An engaging and readable work of women’s fiction set in contemporary Florence.


An American woman searches for her mother—and herself—in Florence in this novel.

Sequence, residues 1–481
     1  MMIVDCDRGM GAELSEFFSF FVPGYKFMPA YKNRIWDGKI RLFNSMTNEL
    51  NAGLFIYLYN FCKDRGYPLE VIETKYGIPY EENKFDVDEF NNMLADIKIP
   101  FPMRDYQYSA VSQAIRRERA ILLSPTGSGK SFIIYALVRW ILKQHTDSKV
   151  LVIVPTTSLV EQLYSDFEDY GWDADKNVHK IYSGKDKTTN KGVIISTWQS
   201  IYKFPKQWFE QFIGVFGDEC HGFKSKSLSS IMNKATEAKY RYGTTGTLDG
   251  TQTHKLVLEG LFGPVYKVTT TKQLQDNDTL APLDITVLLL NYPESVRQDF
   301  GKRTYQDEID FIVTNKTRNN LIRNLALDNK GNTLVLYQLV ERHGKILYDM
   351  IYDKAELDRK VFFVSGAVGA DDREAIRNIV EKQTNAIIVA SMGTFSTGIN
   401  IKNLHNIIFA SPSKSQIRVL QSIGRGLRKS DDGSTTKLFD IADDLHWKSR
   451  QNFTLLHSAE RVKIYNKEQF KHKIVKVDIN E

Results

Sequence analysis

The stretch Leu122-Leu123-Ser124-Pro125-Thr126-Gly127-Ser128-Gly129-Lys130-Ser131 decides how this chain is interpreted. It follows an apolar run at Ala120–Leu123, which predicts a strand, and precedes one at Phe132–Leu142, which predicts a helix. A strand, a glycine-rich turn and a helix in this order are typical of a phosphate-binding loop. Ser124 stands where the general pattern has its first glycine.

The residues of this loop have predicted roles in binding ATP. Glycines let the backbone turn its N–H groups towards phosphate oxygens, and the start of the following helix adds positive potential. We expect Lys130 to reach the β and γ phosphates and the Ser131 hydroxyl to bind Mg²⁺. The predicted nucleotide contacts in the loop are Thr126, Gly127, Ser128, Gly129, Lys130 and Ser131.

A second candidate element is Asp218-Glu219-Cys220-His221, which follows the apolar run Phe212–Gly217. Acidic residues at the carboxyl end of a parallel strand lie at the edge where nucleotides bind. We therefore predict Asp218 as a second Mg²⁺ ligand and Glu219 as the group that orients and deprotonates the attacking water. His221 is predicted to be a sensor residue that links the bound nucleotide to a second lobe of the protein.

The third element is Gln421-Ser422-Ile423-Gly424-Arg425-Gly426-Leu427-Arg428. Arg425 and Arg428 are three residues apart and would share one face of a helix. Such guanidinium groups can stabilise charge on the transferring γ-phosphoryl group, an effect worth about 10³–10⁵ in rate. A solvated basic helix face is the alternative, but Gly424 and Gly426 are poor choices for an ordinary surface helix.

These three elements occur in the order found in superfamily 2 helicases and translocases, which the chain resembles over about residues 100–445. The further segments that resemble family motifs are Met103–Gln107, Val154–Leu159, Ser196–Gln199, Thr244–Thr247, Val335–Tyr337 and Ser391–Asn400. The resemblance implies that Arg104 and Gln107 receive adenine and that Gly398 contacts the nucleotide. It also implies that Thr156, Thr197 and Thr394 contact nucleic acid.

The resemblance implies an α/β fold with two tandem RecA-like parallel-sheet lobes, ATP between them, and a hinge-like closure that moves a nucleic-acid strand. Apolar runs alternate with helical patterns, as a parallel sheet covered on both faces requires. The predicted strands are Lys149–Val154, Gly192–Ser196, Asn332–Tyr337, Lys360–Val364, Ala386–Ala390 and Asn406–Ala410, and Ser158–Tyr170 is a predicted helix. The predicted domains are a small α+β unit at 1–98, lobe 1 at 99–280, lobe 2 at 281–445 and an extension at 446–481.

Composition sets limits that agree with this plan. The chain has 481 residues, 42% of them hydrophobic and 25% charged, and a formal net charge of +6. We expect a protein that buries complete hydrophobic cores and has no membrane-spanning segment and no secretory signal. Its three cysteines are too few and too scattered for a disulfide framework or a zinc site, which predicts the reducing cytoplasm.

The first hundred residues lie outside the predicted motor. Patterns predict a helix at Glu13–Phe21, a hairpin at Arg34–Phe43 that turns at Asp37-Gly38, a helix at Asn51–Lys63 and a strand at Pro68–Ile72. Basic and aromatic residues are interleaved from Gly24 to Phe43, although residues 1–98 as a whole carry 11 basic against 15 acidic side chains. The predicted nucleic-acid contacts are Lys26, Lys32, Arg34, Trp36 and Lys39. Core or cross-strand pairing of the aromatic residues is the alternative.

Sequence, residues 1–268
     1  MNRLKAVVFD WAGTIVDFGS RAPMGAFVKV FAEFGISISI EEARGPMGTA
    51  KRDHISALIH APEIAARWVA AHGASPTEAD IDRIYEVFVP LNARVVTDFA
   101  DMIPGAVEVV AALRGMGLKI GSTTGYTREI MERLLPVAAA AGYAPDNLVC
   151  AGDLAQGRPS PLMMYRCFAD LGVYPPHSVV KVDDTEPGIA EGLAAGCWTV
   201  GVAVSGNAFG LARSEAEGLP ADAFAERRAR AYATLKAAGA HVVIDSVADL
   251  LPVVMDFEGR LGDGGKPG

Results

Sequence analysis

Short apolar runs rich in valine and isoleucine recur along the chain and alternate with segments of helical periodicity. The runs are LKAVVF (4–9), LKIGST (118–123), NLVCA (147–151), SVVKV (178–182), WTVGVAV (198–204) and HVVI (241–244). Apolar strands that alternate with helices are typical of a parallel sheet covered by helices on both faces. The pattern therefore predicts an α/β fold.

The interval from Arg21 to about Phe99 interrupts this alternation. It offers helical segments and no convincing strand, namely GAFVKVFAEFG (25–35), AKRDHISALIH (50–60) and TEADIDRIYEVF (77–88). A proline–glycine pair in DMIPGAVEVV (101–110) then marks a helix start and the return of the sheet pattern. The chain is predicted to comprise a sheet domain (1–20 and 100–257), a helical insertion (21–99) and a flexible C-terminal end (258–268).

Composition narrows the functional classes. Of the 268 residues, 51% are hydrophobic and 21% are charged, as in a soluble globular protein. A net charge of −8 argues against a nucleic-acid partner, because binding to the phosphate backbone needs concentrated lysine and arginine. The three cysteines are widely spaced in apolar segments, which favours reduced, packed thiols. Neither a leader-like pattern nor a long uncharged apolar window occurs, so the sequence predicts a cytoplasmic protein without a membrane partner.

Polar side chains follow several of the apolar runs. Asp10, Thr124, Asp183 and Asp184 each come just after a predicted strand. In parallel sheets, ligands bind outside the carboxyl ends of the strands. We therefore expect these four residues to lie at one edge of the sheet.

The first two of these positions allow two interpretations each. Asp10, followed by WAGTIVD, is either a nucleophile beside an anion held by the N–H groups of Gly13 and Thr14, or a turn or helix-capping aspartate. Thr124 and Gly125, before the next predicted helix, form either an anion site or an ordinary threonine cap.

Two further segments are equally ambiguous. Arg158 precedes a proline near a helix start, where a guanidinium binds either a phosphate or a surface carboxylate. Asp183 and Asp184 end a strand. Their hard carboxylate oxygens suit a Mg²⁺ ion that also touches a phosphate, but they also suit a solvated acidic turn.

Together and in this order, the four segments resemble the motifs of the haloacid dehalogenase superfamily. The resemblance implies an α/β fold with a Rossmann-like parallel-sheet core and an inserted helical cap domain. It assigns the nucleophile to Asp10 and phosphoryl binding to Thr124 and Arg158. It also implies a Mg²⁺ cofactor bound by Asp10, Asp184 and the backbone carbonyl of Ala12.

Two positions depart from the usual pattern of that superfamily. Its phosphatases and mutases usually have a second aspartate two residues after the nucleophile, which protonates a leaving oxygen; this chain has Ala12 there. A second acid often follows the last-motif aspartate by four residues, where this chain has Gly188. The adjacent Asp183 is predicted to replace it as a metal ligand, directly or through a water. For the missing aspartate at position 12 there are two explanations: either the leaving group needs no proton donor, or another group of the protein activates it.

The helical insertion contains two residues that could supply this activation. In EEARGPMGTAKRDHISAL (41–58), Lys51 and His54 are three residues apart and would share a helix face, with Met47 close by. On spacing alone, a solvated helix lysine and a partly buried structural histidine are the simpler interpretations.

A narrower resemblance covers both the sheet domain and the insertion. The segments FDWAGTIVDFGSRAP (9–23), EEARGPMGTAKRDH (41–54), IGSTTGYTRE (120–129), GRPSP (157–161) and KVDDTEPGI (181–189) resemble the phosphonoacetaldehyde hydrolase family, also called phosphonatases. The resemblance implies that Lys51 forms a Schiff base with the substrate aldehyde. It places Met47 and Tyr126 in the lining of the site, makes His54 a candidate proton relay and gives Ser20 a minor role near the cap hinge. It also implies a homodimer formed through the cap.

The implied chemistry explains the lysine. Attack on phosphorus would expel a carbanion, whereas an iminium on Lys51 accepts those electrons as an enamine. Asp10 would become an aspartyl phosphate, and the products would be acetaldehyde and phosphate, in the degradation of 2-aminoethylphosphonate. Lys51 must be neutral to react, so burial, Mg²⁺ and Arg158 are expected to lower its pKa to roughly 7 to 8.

Author Lyn Bennet is off to spend a month in Florence as part of an annual writers’ seminar, though her journey is dampened by the last-minute news that her husband, Stan, won’t be joining her due to a “big deal at the office.” As a result, she’s forced to celebrate her 35th birthday alone. Her trip this year has extra significance because she’s working on a book about her recently deceased mother, Jennifer, who came to Florence as one of the Mud Angels in 1966 to help salvage the city’s works of art following the destructive flooding of the Arno. Armed with her mother’s journal, Lyn wishes to find someone who would have worked with her back then in order to fill in the gaps in the story. She meets Matteo by chance when the Florentine happens to find and return Lyn’s scarf. He works as one of the acquisition directors at the Uffizi, and Lyn is instantly enamored of him. Matteo is working to cement his father’s legacy by securing a specific—though mysterious—piece for the museum. Soon, Stan arrives in Florence, but not with good news. He and his wife’s best friend, Susie, have both come to tell the author about the affair they’ve been having—a devastating revelation that ruins Lyn’s two closest relationships. “Love is selfish,” Stan tells her glibly. “You know that. You fall in love. It’s about seizing it. It’s just—you know you gotta seize it. No one wants to hurt anyone.” With her life crumbling around her, Lyn has no choice but to dig deeper into her project; the writings of her colorful group of students; and the beauty of Florence itself, which her mother worked so hard to preserve. Selbo’s (Dreams of Discovery, 2018, etc.) prose is breezy, and she takes great pleasure in describing the picturesque features of the book’s eponymous city: “Soon the street opens into the Piazza di San Lorenzo and there’s the basilica, standing grand and venerable. Technically it’s incomplete—because Michelangelo’s design for a Carrara marble façade was never realized. I always marvel at how gorgeous I find it; its unfinished rawness.” Her characters are well-drawn—particularly the goofs that Lyn instructs as part of the writing seminar—though they do slip occasionally into clichés. Matteo has a bit of the flatness of a fantasy partner, saying things like “We Italians cherish the past. It is still alive with us. Americans are always busy with the present.” The author does an admirable job weaving in the artistic history of Florence, especially the tragic flood that almost erased so much of it. Novels like this one peddle a bit in escapism. But Lyn and Jennifer help to convince readers that Florence isn’t simply a beautiful place to run away to, but also a fragile place that must be cherished—akin, perhaps, to the human heart.